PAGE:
3D-printed artery stent keeps blood flowing

By Ali Green, Tom Wade

10 June 2020

4 minute read

5 nitinol mesh stents

World first 3D printed nitinol stents.

There are lots of things you can achieve through 3D printing. But you may not have thought of a life-saving 3D-printed artery stent.

Traditional manufacturing is good at making lots of copies of the same thing. But with 3D printing we can make things to measure. This is particularly useful when it comes to designing parts for the human body.

Off the shelf

Ten per cent of the world lives with Peripheral Arterial Disease or PAD. The cause is a build-up of plaque in the arterial system. It affects circulation to the body’s extremities, usually the legs.

There are few treatments better suited for PAD than the self-expanding artery stent. These are little tubes doctors can insert into arteries to aid blood flow. Off-the-shelf stents are made in a range of different shapes and sizes. But everybody’s circulatory system is diverse and blockages can occur in various places.

For surgeons, this means managing a large stock of different size stents at the hospital. Stents are expensive and have a shelf life or expiry date. So unfortunately, surgeons have to discard unused stents once they reach their expiration date.

A surgeon who treats patients with vascular disorders saw a need for change. With manufacturing improvements in recent years, he wondered if it might be possible to create a custom-made self-expanding stent using 3D printing.

3D printing technology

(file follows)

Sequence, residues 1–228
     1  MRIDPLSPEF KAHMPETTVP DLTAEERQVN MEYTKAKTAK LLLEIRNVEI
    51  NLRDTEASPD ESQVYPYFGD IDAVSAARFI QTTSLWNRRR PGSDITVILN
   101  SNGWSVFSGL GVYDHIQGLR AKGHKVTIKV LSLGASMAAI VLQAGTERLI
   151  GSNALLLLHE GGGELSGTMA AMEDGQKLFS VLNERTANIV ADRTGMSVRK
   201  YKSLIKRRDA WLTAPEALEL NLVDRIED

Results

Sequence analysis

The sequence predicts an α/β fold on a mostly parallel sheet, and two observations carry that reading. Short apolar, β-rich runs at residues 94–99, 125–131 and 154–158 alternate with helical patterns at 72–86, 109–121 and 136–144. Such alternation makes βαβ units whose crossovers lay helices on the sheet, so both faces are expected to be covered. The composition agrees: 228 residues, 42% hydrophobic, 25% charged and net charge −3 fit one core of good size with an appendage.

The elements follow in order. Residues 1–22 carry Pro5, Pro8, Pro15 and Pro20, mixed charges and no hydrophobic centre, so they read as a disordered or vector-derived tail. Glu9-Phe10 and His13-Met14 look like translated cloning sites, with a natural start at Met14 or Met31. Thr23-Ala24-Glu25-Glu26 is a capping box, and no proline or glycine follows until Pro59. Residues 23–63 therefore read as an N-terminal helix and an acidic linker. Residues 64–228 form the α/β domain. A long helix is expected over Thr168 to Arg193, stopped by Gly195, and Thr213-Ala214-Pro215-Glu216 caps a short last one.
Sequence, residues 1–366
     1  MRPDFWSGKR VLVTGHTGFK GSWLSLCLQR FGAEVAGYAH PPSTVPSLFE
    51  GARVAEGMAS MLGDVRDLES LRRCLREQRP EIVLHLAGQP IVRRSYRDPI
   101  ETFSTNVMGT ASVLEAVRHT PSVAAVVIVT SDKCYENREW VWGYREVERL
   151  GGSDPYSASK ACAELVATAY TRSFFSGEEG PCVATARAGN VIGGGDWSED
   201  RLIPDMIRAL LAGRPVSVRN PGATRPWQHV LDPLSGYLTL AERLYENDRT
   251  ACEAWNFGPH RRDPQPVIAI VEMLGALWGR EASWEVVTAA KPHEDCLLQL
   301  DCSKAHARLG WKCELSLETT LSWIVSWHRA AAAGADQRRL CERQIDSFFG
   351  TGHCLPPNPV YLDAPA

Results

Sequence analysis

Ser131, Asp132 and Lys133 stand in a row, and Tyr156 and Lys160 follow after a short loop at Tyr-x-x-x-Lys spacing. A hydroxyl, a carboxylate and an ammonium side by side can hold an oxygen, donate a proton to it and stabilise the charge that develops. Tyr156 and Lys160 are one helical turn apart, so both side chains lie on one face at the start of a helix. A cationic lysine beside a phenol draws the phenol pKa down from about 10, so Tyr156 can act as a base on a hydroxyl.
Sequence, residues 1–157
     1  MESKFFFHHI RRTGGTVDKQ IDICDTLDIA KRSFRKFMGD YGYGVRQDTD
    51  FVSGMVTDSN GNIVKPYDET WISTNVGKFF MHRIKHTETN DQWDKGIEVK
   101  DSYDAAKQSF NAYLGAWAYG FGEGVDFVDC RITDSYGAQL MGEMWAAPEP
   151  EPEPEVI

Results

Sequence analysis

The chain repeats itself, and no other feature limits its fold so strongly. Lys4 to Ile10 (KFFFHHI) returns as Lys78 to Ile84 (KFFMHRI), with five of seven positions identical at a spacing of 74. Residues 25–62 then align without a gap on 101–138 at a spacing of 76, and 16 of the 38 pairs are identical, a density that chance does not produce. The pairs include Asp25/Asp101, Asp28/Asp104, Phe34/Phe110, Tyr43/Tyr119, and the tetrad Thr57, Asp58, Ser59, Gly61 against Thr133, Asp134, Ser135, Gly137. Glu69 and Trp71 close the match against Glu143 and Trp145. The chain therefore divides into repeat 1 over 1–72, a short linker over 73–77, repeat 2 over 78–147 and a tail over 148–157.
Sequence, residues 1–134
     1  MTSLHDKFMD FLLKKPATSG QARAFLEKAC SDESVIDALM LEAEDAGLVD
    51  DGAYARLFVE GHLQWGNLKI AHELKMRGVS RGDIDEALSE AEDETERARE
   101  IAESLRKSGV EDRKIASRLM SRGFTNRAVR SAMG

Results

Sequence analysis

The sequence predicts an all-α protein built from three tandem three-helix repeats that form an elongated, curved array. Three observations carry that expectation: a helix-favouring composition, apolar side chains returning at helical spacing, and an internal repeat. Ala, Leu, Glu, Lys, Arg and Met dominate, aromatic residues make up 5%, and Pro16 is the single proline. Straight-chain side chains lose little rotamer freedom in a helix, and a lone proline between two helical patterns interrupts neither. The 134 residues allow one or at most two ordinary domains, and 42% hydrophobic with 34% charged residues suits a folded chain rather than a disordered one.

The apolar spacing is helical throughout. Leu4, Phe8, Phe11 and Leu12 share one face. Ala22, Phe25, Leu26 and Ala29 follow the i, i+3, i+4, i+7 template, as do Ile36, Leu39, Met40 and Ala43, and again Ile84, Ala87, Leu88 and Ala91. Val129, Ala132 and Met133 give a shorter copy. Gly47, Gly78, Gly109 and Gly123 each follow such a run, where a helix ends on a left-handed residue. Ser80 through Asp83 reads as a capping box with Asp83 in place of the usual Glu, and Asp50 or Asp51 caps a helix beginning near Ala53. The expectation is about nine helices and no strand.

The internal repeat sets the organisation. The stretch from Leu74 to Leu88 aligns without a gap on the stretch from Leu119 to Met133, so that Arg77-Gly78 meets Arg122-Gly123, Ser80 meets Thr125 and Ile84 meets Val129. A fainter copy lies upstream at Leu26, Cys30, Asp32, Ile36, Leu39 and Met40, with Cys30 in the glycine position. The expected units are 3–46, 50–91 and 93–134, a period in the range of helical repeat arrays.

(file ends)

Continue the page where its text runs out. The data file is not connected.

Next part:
3D printing has become the go-to technology for made-to-order, small-scale manufacturing. However, there were challenges making stents with 3D printing. Particularly those made from nitinol, the alloy of choice for such devices.

It’s not easy for a machine to make a metal mesh cylinder. It is less than one centimetre in diameter, with features of 0.1 – 0.2 millimetres. And it needs to be safe enough to implant in the human body. Our Lab22 Centre for Metallic Additive Manufacturing had the answer for the bespoke stent: Selective Laser Melting.

The tiny mesh shape of a nitinol artery stent can melt into place on a bed of fine nitinol powder. It is built up layer by layer with high geometric accuracy using this form of 3D printing. Nitinol is already in use as an alloy for traditionally made stents. This new form of manufacturing allows for made-to-measure customisation for the patient. The technology also lends itself to mass manufacturing.

Nitinol has its challenges in 3D printing

Nitinol’s properties change depending on the level of heat it’s exposed to. It can become super-elastic, stay rigid or bend and flex whilst retaining its original shape. Nitinol can be made into a stent small enough to insert into a patient. Then body temperature makes it spring back into shape. These characteristics make nitinol the perfect alloy for stents. However, it is a challenge when 3D printing because it is so sensitive to temperature changes.

With every beat of your heart

The team were able to strike a balance in the nickel-titanium makeup of nitinol, so it retains its flexibility as a stent. The result is a proof-of-concept 3D-printed stent, promising the perfect fit for patients. It will also help hospitals cut down on perishable inventory.

This isn’t the first time our team at Lab22 has turned their hand to medical 3D printing. They helped develop the world’s first 3D-printed titanium heel. Not to mention the 3D-printed sternum and partial rib cage.

A new company has come off the back of our 3D-printed nitinol stents, Flex Memory Ventures. The goal is to commercialise the technology. This will make it possible for hospitals to manufacture their own stents on demand someday.